We address a common misconception, even elicited by former President Barack Obama, that increasing health insurance coverage would ultimately reduce emergency department visits.
Many Americans, even politicians, complain that people go to the emergency department unnecessarily. Perhaps it isn’t our fault as emergency physicians. It isn’t the fault of patients, either, for not knowing where is the “right” place to seek care. Instead, maybe we should look at the incentives our current system provides for the delivery of health care to better understand this phenomenon.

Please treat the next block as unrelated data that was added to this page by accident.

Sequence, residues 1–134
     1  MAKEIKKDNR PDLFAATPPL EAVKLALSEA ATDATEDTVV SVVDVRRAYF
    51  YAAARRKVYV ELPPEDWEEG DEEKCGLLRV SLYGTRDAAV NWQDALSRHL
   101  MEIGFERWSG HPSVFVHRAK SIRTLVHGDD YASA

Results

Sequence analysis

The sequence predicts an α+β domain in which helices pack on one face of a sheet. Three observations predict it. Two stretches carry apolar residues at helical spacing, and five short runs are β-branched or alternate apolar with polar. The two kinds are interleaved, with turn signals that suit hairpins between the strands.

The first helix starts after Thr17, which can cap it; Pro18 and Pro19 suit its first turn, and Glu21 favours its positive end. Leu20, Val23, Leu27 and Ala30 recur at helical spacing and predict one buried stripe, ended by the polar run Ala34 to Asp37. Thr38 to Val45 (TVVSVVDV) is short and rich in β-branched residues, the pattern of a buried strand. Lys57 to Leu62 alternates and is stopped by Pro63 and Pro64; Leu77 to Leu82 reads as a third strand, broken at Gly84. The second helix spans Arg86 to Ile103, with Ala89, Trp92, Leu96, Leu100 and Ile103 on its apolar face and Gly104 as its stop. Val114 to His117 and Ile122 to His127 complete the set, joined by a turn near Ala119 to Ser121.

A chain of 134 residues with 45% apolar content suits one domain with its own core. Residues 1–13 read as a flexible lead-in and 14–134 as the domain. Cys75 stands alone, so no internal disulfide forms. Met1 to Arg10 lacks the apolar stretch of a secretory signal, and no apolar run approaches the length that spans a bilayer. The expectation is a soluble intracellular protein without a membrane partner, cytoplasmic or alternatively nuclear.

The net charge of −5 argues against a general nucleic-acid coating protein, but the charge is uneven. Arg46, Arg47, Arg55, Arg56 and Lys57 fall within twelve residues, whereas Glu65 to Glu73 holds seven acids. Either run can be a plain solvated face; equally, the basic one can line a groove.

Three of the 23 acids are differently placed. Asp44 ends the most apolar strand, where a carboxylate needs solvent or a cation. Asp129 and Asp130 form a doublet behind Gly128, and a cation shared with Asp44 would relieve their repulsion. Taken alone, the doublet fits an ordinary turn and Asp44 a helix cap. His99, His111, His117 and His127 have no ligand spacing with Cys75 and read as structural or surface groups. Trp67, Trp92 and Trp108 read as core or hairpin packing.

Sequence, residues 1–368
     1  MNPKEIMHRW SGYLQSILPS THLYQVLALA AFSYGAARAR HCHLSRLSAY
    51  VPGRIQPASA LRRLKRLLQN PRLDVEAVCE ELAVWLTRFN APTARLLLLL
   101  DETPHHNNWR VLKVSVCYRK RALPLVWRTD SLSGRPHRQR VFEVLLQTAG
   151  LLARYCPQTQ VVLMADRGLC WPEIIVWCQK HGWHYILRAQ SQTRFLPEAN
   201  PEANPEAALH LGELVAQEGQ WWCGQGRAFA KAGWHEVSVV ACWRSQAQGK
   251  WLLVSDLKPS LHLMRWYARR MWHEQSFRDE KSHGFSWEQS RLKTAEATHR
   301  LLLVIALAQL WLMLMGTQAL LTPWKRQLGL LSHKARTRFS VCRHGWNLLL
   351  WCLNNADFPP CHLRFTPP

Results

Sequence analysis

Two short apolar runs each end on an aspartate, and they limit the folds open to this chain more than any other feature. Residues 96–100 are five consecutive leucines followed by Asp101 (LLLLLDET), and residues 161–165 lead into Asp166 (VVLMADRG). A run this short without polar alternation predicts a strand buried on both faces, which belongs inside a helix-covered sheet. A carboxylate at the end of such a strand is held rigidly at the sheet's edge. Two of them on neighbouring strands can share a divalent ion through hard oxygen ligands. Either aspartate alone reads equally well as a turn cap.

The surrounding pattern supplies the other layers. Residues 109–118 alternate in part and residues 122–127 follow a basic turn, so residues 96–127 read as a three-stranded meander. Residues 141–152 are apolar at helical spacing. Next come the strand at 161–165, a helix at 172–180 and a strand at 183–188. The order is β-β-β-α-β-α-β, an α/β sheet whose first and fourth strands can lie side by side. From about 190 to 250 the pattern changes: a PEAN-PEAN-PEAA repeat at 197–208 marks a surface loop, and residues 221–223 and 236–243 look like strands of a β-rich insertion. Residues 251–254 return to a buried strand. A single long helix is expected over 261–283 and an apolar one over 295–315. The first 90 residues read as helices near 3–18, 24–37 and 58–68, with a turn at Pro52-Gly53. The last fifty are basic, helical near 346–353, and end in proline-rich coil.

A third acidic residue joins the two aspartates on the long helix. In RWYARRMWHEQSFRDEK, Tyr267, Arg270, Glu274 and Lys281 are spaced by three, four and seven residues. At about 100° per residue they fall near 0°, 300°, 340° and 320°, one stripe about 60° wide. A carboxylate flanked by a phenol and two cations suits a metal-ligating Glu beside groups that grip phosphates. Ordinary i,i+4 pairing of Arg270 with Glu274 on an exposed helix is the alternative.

It continually amazes me that un- or under-insured patients must come to our public hospital, via the emergency department, for something as simple as orthopedic follow-up after being diagnosed elsewhere with a broken arm or leg—emergency departments being the only place beholden to EMTALA. We see them, take off their splint, and repeat the X-rays, then the orthopedics resident puts on a new splint and we schedule them for a clinic visit. It’s duplicative and inefficient.